East Lansing Police Releases More Video and Documents in Alleged Case of Excessive Force: UPDATED

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Friday, March 6, 2020, 1:45 pm
Alice Dreger

Captain Chad Connelly presents the police investigation to City Council on Feb. 27, 2020, while Chief Larry Sparkes looks on. (Photo by Raymond Holt)

This report was originally published March 4 and was updated on March 6.

Following multiple appeals from ELi to release all materials related to an investigation made into an allegation of excessive force by East Lansing Police, the City of East Lansing and ELPD Chief Larry Sparkes have now released more material.

ELi has been pressing for weeks to obtain access to all unedited video and interviews collected in the course of the investigation, along with all related written reports and correspondence.

Following a determination made by ELPD last Sunday requiring ELi to put up a $280 deposit and to wait another week in relation to a formal Freedom of Information Act (FOIA) request, we appealed to Mayor Ruth Beier and Mayor Pro Tem Aaron Stephens for full release without delay and without charge.

Beier and Stephens let us know they were working on it, and on Wednesday morning, Sparkes sent this:

“At the request of the City Council the entire case report (including additional video from the jail) will be posted online by the end of the business day today. We will be returning your deposit regarding the FOIA request as the items you requested will be included with the report.”

On Thursday, the City did release the "case report." Additional video has also been released. (Links are provided below.) 

According to Sparkes, ELPD will not be releasing transcripts of interviews with officers conducted in the course of the internal investigation. Sparkes said Wednesday that, "After discussing the release of material this morning with both police unions and the city attorney it was learned that we cannot release the police officer transcripts."

Sparkes cites Michigan law MCL 15.395 which states that "An involuntary statement made by a law enforcement officer is confidential communication that is not open to public inspection."

According to the law, if officers consent to release, transcripts of their interviews can be released. But according to Sparkes, that isn't going to happen: "In speaking with union officials the officers are not interested in providing consent."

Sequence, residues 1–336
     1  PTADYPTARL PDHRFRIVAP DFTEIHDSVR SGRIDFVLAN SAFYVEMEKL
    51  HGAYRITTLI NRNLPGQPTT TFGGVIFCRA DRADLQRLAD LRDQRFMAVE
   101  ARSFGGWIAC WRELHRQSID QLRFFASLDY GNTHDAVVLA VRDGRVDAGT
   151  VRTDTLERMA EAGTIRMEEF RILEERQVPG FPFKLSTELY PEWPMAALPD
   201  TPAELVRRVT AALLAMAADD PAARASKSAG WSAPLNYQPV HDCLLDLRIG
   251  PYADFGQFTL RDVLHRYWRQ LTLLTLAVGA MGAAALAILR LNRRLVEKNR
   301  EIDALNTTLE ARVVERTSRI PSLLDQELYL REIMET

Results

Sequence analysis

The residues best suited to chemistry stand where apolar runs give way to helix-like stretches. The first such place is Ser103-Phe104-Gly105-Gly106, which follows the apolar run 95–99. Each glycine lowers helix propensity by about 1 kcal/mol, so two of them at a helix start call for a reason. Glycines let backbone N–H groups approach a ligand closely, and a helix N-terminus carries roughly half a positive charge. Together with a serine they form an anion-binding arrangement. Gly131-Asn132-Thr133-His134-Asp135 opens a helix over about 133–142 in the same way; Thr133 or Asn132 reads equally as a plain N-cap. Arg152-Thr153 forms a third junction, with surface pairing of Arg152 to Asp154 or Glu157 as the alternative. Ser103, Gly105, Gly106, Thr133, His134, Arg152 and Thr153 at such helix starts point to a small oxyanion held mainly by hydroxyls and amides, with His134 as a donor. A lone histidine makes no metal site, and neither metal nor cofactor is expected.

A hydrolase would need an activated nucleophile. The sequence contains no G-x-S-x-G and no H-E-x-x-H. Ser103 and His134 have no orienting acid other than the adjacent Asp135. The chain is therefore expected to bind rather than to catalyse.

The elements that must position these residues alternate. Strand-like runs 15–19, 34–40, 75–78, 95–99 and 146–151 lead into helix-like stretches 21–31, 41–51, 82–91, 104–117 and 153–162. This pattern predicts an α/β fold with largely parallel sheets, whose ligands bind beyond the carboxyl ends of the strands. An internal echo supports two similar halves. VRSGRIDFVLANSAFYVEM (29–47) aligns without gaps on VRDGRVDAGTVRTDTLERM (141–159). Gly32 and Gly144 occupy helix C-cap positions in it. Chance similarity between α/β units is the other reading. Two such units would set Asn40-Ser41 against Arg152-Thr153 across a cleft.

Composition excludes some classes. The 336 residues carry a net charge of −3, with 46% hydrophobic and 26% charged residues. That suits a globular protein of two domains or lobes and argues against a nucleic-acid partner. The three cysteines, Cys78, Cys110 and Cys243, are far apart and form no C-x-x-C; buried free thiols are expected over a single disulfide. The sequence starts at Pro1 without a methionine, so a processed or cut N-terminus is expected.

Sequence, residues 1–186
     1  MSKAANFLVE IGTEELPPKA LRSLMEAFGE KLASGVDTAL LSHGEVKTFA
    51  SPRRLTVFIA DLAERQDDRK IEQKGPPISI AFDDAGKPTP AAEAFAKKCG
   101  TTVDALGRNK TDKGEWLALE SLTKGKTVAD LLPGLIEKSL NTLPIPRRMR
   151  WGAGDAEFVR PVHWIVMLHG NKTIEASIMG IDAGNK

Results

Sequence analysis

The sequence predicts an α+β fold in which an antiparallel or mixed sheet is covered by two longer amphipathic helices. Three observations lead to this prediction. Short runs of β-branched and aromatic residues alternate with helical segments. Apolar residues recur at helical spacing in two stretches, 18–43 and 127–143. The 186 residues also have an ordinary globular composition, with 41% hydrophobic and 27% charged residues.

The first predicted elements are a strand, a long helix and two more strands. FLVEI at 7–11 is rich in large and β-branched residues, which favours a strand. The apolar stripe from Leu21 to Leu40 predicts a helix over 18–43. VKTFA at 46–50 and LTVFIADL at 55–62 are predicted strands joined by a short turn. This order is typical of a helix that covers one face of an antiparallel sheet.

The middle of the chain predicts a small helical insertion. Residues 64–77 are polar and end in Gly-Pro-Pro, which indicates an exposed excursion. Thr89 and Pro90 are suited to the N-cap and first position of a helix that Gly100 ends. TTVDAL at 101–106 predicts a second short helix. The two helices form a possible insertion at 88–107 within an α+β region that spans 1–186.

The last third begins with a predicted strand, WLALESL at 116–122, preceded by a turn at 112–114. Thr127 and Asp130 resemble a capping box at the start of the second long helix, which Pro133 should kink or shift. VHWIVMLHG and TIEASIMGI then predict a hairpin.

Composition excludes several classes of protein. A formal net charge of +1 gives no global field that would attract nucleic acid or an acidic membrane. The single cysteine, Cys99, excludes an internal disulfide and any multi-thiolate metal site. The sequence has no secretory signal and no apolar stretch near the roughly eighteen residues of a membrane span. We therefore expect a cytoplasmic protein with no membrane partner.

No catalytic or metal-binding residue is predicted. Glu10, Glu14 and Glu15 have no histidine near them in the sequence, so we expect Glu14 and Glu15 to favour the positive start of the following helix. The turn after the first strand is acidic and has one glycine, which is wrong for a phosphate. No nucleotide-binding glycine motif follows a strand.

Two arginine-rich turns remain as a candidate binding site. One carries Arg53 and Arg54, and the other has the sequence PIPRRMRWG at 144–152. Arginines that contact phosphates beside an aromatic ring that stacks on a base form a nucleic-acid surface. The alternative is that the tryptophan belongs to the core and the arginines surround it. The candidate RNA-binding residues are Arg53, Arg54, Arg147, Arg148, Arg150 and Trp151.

Police officials presented their formal report of their internal investigation to City Council last week. That investigation led to a conclusion of “insufficient evidence” for use of excessive force. We reported that many community members reacted negatively to the findings and the framing of the presentation.

East Lansing’s Human Relations Commission (HRC) met Wednesday night and voted to call on City Attorney Tom Yeadon to drop all charges against Uwimana “Tito” Gasito, who was injured during the course of arrest on Feb. 9. and whose social media post led to the investigation.

The last two East Lansing police administrations under Chief Sparkes and his predecessor Chief Jeff Murphy have been working on shifting the department to a model of community policing, which includes work on anti-bias training and de-escalation.

Along with Deputy Chief Steve Gonzalez, Sparkes met with East Lansing’s Human Relations Commission (HRC) just days after the incident that led to the allegation of excessive force, to go over complaints made against ELPD officers in 2019 and to talk about quality improvement efforts in ELPD.

For four years, the HRC has been reviewing with ELPD formal complaints made against ELPD officers by citizens, and for four years, ELPD has not found sufficient evidence to “sustain” a citizen complaint. (See ELi’s reports on the 2016, 2017, 2018, and 2019 complaint reviews.)

ELPD has found reason to take disciplinary action against officers in some investigations into officer behavior internally initiated by ELPD itself.

City Council is interested in creating a citizen oversight board to look into complaints made against ELPD officers, and possibly also ELFD officers (firefighter/paramedics). But that group has not yet been convened, nor has there yet been consensus on what its work would entail.

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